Early this afternoon, I set out on foot to vote. I left my back door, turned on my iPhone stopwatch, and commenced counting my steps.
Walking along Rosewood Boulevard, I passed under jacaranda and ficus trees, Norfolk pines and Deodar cedars. The magnolias and brugmansias were in bloom. Azaleas, daisies, calla lilies and roses lined my way. I counted my steps by 10.
At Step Number 526 I spotted signs with black arrows. After 5 minutes 26.07 seconds, I had arrived at my polling place in Larchmont Village: a neighbor’s garage.
In the eighties, I lived in Greenwich Village for eight years — jostled my way through maddening crowds along nearly nature-less streets. After eight years here, I still cannot believe the sweetness of life in Larchmont.
I was about to make some new friends.
Corry Netherly caught my eye at around Step Number 500: a lady in a vibrant, orange tweed coat, with a plaid scarf tied about her neck. Ms. Netherly, 92, is Dutch. She has lived in the US for 66 years, and on Plymouth Boulevard for 43. She worked as a travel agent.
After she cast her vote, I asked about her coat.
“Let me tell you the story of this coat,” she said, her eyes twinkling.
“I was in the back seat of a friend’s car and this coat was on the floor. He had bought it at a garage sale for someone, only she didn’t care for it. Well, I did. The label is from Bullock’s Wilshire, which closed in 1992! He bought it at a garage sale for three dollars!”
Ms. Netherly and her dog, Doesika, a Yorkie — the name means ‘darling’ in Russian, and he, too, was in a stylish coat — had walked over to hand in her absentee ballot.
Paula Garran brought her son, Lucien, 4, to the polling place.
“I brought Lucien even though he stayed home sick today,” she said. “I wanted him to see what it’s like.”
Ms. Garran, who is from Argentina, and Lucien both got I Voted stickers. This was not, however, Lucien’s first time at an election. He also “voted” last November, in the presidential race.
Three workers sit at the table and await the voters.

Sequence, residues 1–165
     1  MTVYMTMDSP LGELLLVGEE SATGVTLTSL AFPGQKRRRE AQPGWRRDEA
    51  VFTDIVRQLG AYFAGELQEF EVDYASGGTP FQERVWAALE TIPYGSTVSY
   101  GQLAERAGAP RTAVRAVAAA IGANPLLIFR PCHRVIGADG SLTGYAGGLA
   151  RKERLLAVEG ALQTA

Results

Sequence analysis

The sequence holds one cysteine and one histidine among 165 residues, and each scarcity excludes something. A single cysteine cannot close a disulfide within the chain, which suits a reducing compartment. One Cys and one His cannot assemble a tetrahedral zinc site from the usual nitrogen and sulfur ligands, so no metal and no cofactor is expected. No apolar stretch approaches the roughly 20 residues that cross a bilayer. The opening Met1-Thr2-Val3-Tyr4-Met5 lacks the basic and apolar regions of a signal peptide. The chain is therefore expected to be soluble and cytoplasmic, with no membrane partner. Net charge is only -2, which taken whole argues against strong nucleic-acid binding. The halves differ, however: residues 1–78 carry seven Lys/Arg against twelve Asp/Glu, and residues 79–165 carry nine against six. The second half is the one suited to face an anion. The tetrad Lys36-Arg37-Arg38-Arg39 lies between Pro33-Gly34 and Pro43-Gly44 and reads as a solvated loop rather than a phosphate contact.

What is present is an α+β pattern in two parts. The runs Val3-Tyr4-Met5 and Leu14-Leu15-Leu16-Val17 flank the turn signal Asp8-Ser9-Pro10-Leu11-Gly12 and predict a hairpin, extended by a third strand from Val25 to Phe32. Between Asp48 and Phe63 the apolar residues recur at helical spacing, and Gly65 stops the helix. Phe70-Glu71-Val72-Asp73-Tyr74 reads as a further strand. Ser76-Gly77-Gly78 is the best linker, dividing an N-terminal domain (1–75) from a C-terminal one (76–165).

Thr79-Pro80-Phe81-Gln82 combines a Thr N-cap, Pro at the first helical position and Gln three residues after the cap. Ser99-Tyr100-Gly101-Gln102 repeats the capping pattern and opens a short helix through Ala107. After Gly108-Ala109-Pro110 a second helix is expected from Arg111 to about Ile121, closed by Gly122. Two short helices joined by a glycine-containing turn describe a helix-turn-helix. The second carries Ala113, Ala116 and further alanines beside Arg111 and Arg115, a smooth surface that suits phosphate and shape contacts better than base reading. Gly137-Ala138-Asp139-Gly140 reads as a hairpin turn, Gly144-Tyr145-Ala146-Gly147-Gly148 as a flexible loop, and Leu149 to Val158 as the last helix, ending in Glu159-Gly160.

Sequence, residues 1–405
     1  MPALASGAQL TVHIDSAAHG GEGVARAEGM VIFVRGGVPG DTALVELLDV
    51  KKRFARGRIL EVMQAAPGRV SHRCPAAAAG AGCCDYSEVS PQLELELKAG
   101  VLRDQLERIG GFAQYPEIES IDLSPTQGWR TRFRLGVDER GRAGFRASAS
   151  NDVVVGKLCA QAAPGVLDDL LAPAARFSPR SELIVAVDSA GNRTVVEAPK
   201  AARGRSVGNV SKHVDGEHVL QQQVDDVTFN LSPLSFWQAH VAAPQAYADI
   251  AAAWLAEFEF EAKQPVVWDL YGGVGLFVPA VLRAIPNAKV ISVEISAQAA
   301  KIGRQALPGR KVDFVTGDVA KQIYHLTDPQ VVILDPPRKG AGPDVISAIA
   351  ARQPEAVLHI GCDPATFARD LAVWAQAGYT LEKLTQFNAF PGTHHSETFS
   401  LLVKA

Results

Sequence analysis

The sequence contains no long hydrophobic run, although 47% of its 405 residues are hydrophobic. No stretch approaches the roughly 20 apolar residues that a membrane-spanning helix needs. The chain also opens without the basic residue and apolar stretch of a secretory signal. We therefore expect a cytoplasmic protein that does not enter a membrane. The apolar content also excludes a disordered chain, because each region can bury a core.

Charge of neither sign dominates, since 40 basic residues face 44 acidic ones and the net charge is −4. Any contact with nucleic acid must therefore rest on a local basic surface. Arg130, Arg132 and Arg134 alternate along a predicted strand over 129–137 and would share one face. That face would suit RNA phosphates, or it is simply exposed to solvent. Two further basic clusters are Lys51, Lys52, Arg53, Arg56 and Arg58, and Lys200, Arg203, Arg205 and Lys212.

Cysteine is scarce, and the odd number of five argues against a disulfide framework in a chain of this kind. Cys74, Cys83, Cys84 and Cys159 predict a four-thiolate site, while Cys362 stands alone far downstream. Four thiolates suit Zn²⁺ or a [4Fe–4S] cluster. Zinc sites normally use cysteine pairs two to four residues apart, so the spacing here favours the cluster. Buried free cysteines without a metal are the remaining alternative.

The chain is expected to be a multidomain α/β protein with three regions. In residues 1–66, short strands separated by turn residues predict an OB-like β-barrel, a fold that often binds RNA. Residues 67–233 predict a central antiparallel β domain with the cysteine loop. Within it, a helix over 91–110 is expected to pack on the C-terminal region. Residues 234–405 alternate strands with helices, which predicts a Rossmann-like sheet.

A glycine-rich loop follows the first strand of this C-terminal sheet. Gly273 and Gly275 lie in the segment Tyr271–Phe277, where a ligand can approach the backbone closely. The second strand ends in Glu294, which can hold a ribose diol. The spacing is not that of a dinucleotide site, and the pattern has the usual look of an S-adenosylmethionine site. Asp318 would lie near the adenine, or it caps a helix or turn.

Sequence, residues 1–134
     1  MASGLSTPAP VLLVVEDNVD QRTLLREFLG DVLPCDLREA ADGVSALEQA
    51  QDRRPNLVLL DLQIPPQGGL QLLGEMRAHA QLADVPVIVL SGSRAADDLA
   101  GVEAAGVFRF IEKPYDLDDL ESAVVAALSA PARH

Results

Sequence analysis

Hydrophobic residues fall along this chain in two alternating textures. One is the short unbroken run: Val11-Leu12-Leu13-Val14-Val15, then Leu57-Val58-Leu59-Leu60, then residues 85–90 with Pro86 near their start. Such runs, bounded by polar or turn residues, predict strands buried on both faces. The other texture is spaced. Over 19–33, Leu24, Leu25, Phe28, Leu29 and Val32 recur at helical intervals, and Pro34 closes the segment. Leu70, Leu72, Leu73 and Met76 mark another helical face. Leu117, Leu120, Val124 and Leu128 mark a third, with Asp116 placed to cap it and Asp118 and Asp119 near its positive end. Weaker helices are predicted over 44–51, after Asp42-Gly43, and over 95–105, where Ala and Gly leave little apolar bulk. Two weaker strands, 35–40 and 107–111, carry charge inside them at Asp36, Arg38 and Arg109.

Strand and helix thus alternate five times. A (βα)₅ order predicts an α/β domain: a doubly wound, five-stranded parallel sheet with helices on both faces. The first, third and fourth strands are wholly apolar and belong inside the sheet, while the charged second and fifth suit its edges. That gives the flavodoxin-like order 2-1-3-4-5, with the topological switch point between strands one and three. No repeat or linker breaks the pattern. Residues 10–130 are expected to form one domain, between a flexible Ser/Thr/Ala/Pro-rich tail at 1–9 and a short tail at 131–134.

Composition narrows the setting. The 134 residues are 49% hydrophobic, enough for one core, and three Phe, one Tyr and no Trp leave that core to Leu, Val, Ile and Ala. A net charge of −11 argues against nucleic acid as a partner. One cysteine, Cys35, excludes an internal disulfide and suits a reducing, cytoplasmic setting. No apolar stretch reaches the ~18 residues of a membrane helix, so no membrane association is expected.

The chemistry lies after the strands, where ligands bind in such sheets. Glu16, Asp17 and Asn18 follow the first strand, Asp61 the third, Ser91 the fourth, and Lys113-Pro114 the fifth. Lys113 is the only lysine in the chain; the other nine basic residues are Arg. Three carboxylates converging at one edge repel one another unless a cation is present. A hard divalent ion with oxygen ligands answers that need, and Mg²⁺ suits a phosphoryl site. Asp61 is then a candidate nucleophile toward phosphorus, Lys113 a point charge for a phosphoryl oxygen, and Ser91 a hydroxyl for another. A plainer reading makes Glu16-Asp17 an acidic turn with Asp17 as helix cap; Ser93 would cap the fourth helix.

“I’m from Cuba,” Frank Rey de Perea says. “I’ve been in the US since 1962.” He has worked this poll before; voters know him.
“You’re not wearing your Looney Toons shirt this time,” a woman in line says to Mr. Rey de Perea.
“No, but I’m wearing my dessert shirt,” he says. Jello and CoolWhip insignia decorate his sweatshirt.
So far, turn out today is a surprise.
“We’ve had 98 so far,” says Anna Gonzales, another poll worker. “A good turn out for a Municipal Election.” Ms. Gonzales, from El Salvador, has resided in the US for 34 years. She has been a poll worker for 18.
“It’s a long day, but I like helping people,” she says.
Between them sits Ms. Francis Rey de Perea.
“They are the only father-daughter poll workers I know of,” Ms. Gonzales says. Ms. Rey de Perea seems shy. “My daughter has been doing this for six or seven years,” Mr. Rey de Perea says. She shrugs and smiles.
On the table, are the rosters of residents, lists of residents, polling paraphernalia — sharp red pencils and official City Clerk rulers. Stacks of Official Sample Ballots booklets. In English and Korean. On the wall behind the workers hang an array of gardening clippers.
Poll workers attend a training class before each election. The class lasts for about 3 hours. Poll workers are paid workers. It’s dark when they start and it’s dark when the poll closes. At eight, they take down the signs and break down the booths. The home owner/poll host brings out a lamp from the house so they can tabulate the votes and prepare their report.
But it’s still early. Voters arrive at the garage by foot, by bike, by car, on skate board, or pushing new-fangled strollers.
When Alice Attarian arrives, Mr. Rey de Perea calls out to her.
“Alice, how come you’re not working today?”
“I am going to the airport to get my fiance.”
Once Ms. Attarian had cast her ballot, we started to talk. We walk.
She is of German-Jewish descent, and doesn’t know exactly where or when she was born. She has lived and traveled all over the world, and on Beverly Boulevard for over 30 years. She almost always works the polling station.
“I always take the time. I love people.”
Ms. Attarian has grown great grandchildren and shows me pictures.
“I am a busy, busy bee! I do arts and crafts-plus. Life is beautiful, honey. But you have to know how to live it.”
Our paths part. We hug and wave good-bye. Walking home, I marvel at our internationality. On Rosewood midday, there are more dogs than cars, and more birds than people. By far. In fact, the din of birds was intense, distracting.
Maybe the birds are having a convention or election of their own? Who knows?
Devon O’Brien is an actress, playwright, screenwriter, her essays have appeared in Vogue and on The Huffington Post. She is the founder of FeatherInc.com – offering essay assistance to college applicants and consulting for writers of all feathers or type.